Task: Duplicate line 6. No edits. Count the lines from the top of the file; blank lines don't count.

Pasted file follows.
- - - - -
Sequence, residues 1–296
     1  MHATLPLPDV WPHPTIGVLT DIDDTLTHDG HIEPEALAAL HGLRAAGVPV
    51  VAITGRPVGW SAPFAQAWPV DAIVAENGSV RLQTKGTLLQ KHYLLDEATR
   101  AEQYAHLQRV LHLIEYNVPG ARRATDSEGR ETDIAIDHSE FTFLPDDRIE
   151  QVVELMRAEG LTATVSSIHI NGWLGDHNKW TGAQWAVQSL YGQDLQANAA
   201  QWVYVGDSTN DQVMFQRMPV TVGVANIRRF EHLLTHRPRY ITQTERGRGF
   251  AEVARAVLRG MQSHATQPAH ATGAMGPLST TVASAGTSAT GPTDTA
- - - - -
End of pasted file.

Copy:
   201  QWVYVGDSTN DQVMFQRMPV TVGVANIRRF EHLLTHRPRY ITQTERGRGF